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Our mission is to fix the broken healthcare system.
We are accelerating the research and development of new Precision Health technologies.

Media Mentions
Our Approach

Our Stanford faculty director, Dr. Michael Snyder, pioneered the multi-omic, longitudinal baseline profiling approach to healthcare. Much of our research now focuses on the exploratory analysis of Big Data to create breakthroughs in our understanding of human biology and medicine.

Multi-Omic Profiling

Omics is a new term referring to distinct fields of human biology. Each “ome” represents a different area of interest. Our lab has invented many “Omics” profiling technologies. We currently profile 16 different “Omes.”

Longitudinal Baseline Profiling

By profiling healthy people over time, we can identify early signatures of disease, keeping people healthy instead of treating them when they get sick.
Current Projects

We are always looking for people like you to get involved in our community and participate in our research studies. Your engagement directly leads to progress in science which can eventually improve healthcare and save lives.

COVID-19 Wearable Study
Many COVID-19 cases are spread asymptomatically. With limited test kits and slow results turnaround, we are using the MyPHD app to find out if information from wearable devices, like Fitbit and Apple Watch, can be used to track infectious diseases like COVID-19. This study:
– builds on previous work detecting the infectious disease before symptoms
– is validating a free, open-source algorithm as a gift to the world
– ensures your data security and privacy
COVID-19 Vaccine Microsampling Study
You are invited to participate in a research study to better understand how your body responds to COVID-19 vaccination through monitoring of molecules in your blood and stool using multi-omics profiling.
Crash Course
The Crash Course study aims to understand and predict relapses, flares, and crashes in chronic disease.
We are looking for participants who are:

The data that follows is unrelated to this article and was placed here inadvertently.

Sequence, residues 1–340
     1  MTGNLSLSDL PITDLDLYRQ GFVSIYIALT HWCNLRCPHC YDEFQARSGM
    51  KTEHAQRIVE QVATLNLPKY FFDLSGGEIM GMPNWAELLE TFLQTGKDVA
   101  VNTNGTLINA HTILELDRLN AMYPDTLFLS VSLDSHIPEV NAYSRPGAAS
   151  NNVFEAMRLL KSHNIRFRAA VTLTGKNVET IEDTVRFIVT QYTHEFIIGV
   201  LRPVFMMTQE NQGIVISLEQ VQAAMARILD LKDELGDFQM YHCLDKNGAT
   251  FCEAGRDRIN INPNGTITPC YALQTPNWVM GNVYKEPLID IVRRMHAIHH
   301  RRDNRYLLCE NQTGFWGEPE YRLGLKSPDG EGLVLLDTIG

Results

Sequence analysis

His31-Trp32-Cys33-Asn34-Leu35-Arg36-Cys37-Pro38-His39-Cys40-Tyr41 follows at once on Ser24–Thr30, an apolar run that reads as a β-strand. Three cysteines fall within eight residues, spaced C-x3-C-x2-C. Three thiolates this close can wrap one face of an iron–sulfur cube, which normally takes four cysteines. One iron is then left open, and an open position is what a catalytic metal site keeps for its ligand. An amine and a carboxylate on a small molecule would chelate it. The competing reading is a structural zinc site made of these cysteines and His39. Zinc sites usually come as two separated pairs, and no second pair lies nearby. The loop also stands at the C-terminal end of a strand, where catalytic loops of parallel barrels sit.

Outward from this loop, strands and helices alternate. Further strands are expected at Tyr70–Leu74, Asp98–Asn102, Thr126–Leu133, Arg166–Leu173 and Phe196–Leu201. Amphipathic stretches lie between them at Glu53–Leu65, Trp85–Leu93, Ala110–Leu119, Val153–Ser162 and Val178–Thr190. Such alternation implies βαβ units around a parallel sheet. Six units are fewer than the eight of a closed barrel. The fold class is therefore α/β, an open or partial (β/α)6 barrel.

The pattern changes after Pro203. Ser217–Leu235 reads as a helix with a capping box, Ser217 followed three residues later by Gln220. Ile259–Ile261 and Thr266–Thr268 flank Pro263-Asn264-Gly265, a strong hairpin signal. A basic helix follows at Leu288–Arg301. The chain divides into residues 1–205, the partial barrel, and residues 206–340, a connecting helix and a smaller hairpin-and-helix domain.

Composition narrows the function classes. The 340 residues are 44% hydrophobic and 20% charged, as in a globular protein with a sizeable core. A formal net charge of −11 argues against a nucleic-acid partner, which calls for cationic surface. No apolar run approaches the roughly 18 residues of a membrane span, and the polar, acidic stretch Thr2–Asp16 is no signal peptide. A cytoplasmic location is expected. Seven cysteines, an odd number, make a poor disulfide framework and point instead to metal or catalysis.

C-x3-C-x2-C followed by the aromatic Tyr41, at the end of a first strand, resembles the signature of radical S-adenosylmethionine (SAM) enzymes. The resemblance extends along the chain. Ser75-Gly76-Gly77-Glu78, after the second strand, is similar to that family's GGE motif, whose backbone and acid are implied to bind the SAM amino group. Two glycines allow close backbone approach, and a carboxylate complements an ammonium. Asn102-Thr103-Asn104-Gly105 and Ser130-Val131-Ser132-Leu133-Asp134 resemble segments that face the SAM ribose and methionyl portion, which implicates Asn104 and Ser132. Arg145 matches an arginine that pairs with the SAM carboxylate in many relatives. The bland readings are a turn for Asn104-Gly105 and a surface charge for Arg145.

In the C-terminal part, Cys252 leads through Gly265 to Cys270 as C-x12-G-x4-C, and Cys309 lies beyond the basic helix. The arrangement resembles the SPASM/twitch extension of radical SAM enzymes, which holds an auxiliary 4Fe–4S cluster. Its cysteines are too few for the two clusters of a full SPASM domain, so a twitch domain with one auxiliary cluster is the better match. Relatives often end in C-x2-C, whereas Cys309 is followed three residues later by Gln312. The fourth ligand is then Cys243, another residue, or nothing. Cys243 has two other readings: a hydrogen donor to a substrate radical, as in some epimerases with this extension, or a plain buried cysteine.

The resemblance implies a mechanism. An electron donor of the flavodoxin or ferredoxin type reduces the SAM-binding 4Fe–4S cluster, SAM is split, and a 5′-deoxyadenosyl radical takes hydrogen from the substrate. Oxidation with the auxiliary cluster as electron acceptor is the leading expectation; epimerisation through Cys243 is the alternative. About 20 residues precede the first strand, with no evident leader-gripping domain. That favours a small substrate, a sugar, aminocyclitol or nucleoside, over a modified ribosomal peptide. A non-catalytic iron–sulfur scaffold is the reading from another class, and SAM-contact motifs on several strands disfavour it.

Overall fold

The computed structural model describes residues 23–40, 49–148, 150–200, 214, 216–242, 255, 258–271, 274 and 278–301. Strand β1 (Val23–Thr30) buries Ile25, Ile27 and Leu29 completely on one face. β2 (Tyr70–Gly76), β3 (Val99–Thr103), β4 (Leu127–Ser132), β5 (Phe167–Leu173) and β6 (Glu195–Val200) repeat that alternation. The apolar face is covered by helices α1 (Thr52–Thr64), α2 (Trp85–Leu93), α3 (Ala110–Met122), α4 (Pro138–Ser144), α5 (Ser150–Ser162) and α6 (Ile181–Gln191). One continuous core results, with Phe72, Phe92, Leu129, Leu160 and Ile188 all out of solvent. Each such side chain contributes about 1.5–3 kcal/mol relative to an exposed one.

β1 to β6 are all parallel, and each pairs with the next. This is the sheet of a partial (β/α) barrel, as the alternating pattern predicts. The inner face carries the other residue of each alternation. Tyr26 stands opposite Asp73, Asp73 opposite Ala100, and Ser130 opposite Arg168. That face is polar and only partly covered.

• 18 years old or older
• experience relapse episodes persisting at least 24 hours

Reach out to learn more and learn if you are eligible.

Global COVID-19 Relief Hackathon
In collaboration with the NIH and with support from The Giving Back Fund, we bring together world-leading labs, universities, citizen scientists and activists to:
– rapidly develop and deploy necessary solutions
– access global resources relevant to COVID-19
– channel resources where our scientific and on-the-ground partners need it most
Projects Overview
We collaborate with labs, hospitals, and companies to take a holistic look at a person’s health, including every aspect of one’s biology: genome, epigenome, transcriptome, proteome, metabolome, lipidome, microbiome, biosensors, imaging, psychome, social graph, exposome.

Integrated Personalized ‘Omics Profiling (IPOP)

Besides standard clinical tests, we are measuring nearly all of the molecules in the blood, urine, stool, saliva, as well as heart rate, sleep, and airborne exposures.
Personalized Health Dashboard
This app allows users to store and analyze petabytes of data from genomics, to metabolomics, to wearables sensors, imaging, and Electronic Medical Records.
The Wearable Biosensor Initiative
We have pioneered the use of commercially available biosensors for the development of algorithms that can help predict and prevent diseases.
Exposome Research
Besides standard clinical tests, we are measuring nearly all of the molecules in the blood, urine, stool, saliva, as well as heart rate, sleep, and airborne exposures.
The Longevity and Thriving Initiative
Our goal is to develop targeted interventions to slow biological age, restore youthful biological signatures, and prolong health and thriving.
Personalized Nutrition Initiative
We advocate for continuous monitoring of key chemical changes over a person’s lifetime to predict high-risk diseases, and take a preventative measure to intervene with nutritional adjustments.
Lifestyle Initiative